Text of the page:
In other years, the end of my career never seemed to be in the near future," says veteran cyclist Connie Paraskevin-Young, who won the first of her four World Championships 10 years ago. "I may not have another chance at an Olympic Games." The 30-year-old's gold chasing began on the ice. In the Winter Olympics of 1980 and 1984, Paraskevin-Young competed as a speed skater. After a 13th-place finish in Sarajevo, Yugoslavia, the Detroit native decided to hang up the skates and concentrate exclusively on cycling.
The transition paid off: In the Summer Olympics of 1988, she won the bronze medal in the match sprint. In 1990, after two years filled with injuries and disappointments, she came back to win the World Championships.
"A lot of things are different this time around," says Paraskevin-Young. "I'm injury-free, I'm physically fit, and I'm strong. But most of all, my attitude has changed. I know that the end is near. I'm not sure if that's a sign of maturity or fatalism – I just hope that it works."
Janie Eickhoff's entry into the world of competitive cycling sounds more like a Brady Bunch episode than Breaking Away. "My dad saw some cycling events in the 1984 Olympics," says the 21-year-old, "and decided, 'We've gotta do this together.'" So off they went, down the Pacific Coast Highway, Janie, big brother Kurt and Mom and Dad on the tandem. They even got matching family jerseys.
"Gosh, what a mistake that was," says Eickhoff, who says gosh a lot. "The jerseys were red, white and green. We got comments like 'Viva Italia!' Embarrassed wasn't the word! I just wanted to die."
Inspired by her father's enthusiasm, nonetheless, Eickhoff retreated to a velodrome to train as a track cyclist. She won the gold at the 1990 Goodwill Games, took third place in the 1989 and 1991 World Championships and last year broke the world record for one kilometer. In Barcelona, she'll be competing in the pursuit event, where two cyclists chase each other around a track.
"You say a lot of things to go along with your folks," Eickhoff says. "This time Dad was right."
He hates weights. Barbells, dumbbells, curls, squats – especially squats: He can't stand them. But Ken Carpenter does not want to fail again at the Olympics, as he did in Seoul in 1988. So three times a week, as he has for the past five years, the La Mesa, California, cyclist lifts and squats and presses and . . .
His event is the match sprint, where two cyclists meet on the track and play cat and mouse for 1,000 kilometers, finishing with an incredible burst of speed, sometimes in excess of 45 miles per hour. In 1988, Carpenter replaced the reigning medalist, Mark Gorski, on the U.S. cycling team and was expected to bring home the gold. He was knocked out in an early round in the Olympics, losing by the width of a bike tire. In Barcelona, Carpenter, 27, will count on his hard-earned strength to shoot him across the finish line first.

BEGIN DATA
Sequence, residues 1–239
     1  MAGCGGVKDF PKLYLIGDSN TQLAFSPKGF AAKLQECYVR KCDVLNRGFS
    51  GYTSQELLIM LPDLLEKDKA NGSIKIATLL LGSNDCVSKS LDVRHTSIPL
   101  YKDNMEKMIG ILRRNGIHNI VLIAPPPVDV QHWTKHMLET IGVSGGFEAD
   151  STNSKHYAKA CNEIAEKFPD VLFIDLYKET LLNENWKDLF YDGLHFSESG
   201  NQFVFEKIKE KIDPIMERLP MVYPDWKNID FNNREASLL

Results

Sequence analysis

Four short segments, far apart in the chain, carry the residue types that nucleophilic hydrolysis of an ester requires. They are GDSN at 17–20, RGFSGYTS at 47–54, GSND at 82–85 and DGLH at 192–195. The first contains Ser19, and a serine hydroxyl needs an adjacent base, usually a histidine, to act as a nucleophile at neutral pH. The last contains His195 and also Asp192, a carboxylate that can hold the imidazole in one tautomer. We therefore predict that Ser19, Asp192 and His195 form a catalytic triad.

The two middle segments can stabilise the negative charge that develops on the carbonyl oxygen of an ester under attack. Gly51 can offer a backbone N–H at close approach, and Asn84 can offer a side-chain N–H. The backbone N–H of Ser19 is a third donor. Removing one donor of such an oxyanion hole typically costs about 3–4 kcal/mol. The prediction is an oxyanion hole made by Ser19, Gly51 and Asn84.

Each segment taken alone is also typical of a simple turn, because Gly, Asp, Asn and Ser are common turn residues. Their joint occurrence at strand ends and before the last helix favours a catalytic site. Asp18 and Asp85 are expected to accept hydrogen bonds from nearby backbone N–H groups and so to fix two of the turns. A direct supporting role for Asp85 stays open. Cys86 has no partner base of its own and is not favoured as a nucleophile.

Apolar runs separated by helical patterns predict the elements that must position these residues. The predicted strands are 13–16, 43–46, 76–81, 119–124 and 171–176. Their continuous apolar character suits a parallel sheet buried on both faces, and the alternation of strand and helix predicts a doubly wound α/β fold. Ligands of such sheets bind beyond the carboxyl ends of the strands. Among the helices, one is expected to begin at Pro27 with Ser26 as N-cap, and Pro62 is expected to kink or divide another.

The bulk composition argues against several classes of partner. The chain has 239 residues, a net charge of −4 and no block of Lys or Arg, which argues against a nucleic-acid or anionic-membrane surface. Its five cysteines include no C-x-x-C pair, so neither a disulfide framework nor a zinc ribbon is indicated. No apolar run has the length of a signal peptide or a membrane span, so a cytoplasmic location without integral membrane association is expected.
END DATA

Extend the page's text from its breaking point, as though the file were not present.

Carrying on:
"Last time around, I really prepared for the Olympic Trials, and then that was it," says Carpenter. "I wasn't prepared for the games. That won't happen again."
Dan O'Brien carries a tattered piece of paper with him. It's his talisman, the words a kind of mantra: "I am going to be the greatest athlete that ever lived." Other people might engrave the saying on a T-shirt or on their forearm. O'Brien keeps it in his pocket.
The World's Greatest Athlete is the unofficial title bestowed on champions of the decathlon, the two-day, 10-event competition where men run, hurl, vault, throw, jump and, in some cases, inspire. As Bruce Jenner did in 1976. As O'Brien did last August in Tokyo, setting a new decathlon world record.
But for now the 25-year-old champion – who in his wilder days preferred beer and pot to track practice – must clear a different kind of hurdle. He must concentrate on his multisport amid the glare of worldwide attention: the cameras, the advertisements for Reebok and VISA, the calls to his Idaho neighbors whose phone numbers are perilously close to his ("Dan doesn't live here! I wish he did").
Despite the pressure, O'Brien is learning to find peace. "There's a solitude that I try to find in the decathlon," he says. "That's what the event does to you. It makes you a loner. It separates you from the other athletes. It's so tough, but once you get past the pain, it gets easier. Everything gets easier, every day."
Lance Armstrong is tired of hearing it, he's tired of saying it: "I'm not the next Greg LeMond. I'm the first me." But comparisons between the 20-year-old Texan and the three-time Tour de France winner are likely to continue, especially if Armstrong, possibly the U.S.A.'s most promising young distance cyclist, keeps winning international races. In April 1991, he was the first American to win the 11-day, pro-am Settimana Bergamasca through mountainous northern Italy. Seven months earlier, at age 18, Armstrong placed 11th at the World Championships – the highest finish for an American since 1976.
Armstrong, however, prefers to finish first. As a high school student, he showed up at the 1989 National Sprint Triathlon Championships and beat the world's best professional triathletes. He did the same thing a year later, just to prove that it wasn't a fluke.
This summer Armstrong will be one of three Americans competing in the 150-kilometer individual road race, which courses through the streets of Barcelona. Unlike traditional multiday bike tours, the Olympic race is a one-day event. "The thing about the Olympic road race is that you've got to be prepared perfectly on one day for one goal," says the driven Armstrong. "There's no second chances to win. If you're the first American but tenth overall, who gives a shit? You didn't win anything."